Sebastian Vettel, Ferrari, Albert Park, 2018

Ferrari and Mercedes holding back but rain is set to shape round one

2018 Australian Grand Prix Friday practice analysis

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The headline times after the first day of practice at Albert Park gave some encouraging signs about how close the first race of the year could be.

We’re unlikely to get a full picture on Saturday, however, as the chance of rain is very high. According to Pirelli sporting director Mario Isola, the forecasters rate the probability of rain on Saturday at “100%”. More rain is possible on race day.

At any rate the likelihood is the top teams haven’t truly shown their hand yet. Lewis Hamilton set the pace today but was slower than he was in the same session 12 months earlier. He was 1.7s off his 2017 pole position time and Ferrari is shy of its 2017 pace by the same amount.

Red Bull, who lapped half a second off their 2017 pace, is wary of how much their rivals can turn their engines up for qualifying and this is a reminder why. And, of course, why Max Verstappen is so eager for rain on Saturday.

Charles Leclerc, Sauber, Albert Park, 2018
Australian Grand Prix practice in pictures
One team, however, has already shown better pace in this event than it did 12 months ago. And it isn’t Haas, whose best-of-the-rest performance in Q2 got the paddock talking. Fernando Alonso’s 1’25.200 in his McLaren was 0.225s quicker than his qualifying time from last year.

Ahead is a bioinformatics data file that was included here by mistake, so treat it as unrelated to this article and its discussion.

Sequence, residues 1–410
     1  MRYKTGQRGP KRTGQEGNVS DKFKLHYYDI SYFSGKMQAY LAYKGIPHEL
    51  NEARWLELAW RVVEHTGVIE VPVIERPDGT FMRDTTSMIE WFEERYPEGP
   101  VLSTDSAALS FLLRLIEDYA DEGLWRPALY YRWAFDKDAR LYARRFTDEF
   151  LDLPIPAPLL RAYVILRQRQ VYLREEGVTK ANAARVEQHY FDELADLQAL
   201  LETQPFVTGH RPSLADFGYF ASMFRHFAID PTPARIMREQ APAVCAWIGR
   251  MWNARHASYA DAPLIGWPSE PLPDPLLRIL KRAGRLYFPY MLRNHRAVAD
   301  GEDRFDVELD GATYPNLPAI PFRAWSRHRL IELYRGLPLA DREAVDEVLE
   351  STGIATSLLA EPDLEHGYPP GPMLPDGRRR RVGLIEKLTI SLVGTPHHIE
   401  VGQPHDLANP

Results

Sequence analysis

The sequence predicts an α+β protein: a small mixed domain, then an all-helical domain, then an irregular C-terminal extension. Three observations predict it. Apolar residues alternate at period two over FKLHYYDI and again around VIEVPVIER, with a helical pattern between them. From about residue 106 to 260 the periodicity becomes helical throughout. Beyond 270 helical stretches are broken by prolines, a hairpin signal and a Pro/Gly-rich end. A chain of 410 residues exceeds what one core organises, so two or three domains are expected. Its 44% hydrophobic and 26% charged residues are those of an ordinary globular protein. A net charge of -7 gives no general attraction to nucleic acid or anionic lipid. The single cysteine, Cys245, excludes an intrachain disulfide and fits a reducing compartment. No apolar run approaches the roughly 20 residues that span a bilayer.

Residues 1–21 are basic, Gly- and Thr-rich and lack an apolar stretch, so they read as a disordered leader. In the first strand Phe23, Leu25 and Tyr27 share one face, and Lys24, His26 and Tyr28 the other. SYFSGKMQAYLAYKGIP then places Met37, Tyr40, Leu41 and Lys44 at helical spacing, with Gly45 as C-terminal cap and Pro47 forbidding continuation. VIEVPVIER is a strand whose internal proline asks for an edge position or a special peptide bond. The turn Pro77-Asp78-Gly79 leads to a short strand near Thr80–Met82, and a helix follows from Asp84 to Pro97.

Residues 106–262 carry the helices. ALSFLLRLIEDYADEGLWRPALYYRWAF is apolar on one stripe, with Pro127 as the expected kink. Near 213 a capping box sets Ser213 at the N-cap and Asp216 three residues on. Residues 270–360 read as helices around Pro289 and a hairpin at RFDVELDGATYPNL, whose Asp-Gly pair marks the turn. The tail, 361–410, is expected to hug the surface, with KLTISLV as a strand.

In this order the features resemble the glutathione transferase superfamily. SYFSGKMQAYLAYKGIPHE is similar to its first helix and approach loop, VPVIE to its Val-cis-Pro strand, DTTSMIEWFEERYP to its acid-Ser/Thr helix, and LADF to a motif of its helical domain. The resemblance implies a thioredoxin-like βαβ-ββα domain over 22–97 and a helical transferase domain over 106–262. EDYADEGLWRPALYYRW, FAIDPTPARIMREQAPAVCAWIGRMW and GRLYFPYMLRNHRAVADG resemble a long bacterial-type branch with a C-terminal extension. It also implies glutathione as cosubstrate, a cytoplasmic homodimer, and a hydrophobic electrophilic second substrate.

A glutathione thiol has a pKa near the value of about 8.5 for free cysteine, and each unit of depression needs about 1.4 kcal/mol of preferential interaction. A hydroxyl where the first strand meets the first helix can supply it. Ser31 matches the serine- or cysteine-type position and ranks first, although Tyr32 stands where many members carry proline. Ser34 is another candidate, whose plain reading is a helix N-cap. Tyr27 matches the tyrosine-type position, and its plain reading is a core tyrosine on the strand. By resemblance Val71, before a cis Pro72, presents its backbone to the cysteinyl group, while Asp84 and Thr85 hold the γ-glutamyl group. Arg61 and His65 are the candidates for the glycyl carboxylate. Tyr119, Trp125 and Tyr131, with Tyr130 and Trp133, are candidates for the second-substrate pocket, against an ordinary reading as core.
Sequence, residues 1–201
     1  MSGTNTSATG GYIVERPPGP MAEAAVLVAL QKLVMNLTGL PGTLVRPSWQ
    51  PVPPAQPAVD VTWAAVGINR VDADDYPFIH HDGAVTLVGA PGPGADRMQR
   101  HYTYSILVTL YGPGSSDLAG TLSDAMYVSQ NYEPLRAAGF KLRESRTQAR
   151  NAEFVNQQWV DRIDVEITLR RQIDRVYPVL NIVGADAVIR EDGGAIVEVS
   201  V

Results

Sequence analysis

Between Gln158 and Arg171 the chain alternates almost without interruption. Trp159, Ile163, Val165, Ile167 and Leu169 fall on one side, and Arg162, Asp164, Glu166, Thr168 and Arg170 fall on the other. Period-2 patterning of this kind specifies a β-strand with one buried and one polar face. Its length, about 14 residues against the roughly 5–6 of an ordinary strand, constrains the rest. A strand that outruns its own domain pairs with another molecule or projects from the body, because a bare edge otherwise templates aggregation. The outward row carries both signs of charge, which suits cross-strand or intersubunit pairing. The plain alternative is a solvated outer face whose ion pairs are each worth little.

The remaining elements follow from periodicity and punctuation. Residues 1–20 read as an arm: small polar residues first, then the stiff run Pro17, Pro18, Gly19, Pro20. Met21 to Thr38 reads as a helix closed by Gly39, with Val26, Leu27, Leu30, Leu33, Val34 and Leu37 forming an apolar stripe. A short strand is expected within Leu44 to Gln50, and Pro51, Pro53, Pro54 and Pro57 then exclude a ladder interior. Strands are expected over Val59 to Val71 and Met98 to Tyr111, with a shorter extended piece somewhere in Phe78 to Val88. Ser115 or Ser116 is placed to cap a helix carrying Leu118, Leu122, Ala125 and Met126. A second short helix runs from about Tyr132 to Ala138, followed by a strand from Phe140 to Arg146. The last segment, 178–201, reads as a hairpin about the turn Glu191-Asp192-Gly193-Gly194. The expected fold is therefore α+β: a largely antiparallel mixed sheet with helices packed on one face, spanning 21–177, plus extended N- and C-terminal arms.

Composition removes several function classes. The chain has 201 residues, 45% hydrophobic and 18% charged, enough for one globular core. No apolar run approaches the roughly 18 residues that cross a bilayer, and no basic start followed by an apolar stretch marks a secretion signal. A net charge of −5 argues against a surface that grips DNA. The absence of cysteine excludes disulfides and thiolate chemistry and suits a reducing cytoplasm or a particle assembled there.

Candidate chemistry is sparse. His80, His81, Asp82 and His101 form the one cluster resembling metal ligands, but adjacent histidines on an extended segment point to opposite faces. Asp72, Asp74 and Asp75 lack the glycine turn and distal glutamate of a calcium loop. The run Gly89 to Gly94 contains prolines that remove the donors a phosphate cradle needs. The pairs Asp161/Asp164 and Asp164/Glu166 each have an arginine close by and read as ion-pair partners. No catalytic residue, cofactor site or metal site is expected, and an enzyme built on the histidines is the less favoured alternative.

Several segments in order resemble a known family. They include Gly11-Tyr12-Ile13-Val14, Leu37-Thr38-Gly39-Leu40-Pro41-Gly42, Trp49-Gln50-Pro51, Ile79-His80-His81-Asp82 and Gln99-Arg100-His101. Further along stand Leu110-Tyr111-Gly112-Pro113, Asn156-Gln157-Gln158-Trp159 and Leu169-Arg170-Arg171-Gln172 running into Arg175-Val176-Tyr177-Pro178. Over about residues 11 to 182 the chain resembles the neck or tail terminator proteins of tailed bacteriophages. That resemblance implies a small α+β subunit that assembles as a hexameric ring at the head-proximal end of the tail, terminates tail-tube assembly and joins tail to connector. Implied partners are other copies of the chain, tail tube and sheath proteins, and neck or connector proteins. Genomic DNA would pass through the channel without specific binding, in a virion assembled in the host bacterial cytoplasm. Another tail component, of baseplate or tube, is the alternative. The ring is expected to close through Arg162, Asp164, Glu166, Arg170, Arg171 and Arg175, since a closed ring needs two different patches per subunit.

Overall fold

This also means Renault are being out-paced by both their customer teams at present. Nico Hulkenberg is confident they can make gains on Saturday, however. “Both mine and Carlos [Sainz Jnr’s] runs were not ideal on the ultra-softs so we’ll see how tomorrow goes,” he explained.

Hulkenberg also explained why the resurfacing at the Circuit de Catalunya had made it harder than usual for teams to translate their testing performance to the first race weekend of the year. It’s quite different here, the Tarmac, also the bumpiness,” he said. “This track is now so much more ride-demanding than Barcelona, which is now probably the smoothest circuit on the calendar.”

In normal conditions, then, Renault could be Q3 contenders too. But with a midfield this close and a wet qualifying session in prospect, all bets are off. After all just seven-tenths of a second covered 18th (Q1 exit humiliation) to eighth (comfortable spot in Q3).

If the weather dries up on Sunday the drivers will find the track rather different to the warm, increasingly grippy one they enjoyed today. Cooler, slipperier conditions could introduce the possibility of graining.

Pirelli found degradation on its tyres to be low, edging teams towards one-stop strategies. But the performance differences between the compounds haven’t turned out as expected, which could leave some room for strategic variation.

A performance gap of up to half asecond was expected between the softs and super-softs, and super-softs and ultra-softs. Instead the softest tyres are up to 0.7s quicker than the super-softs, which in turn are only around 0.3s quicker than the softs. The key may be that the latter will prove harder to warm-up in the cooler conditions expected on Sunday.

Whatever the weather does, the field looks close, which is the first sign we’re in for an exciting year. A drop of rain on Saturday will only add to the intrigue.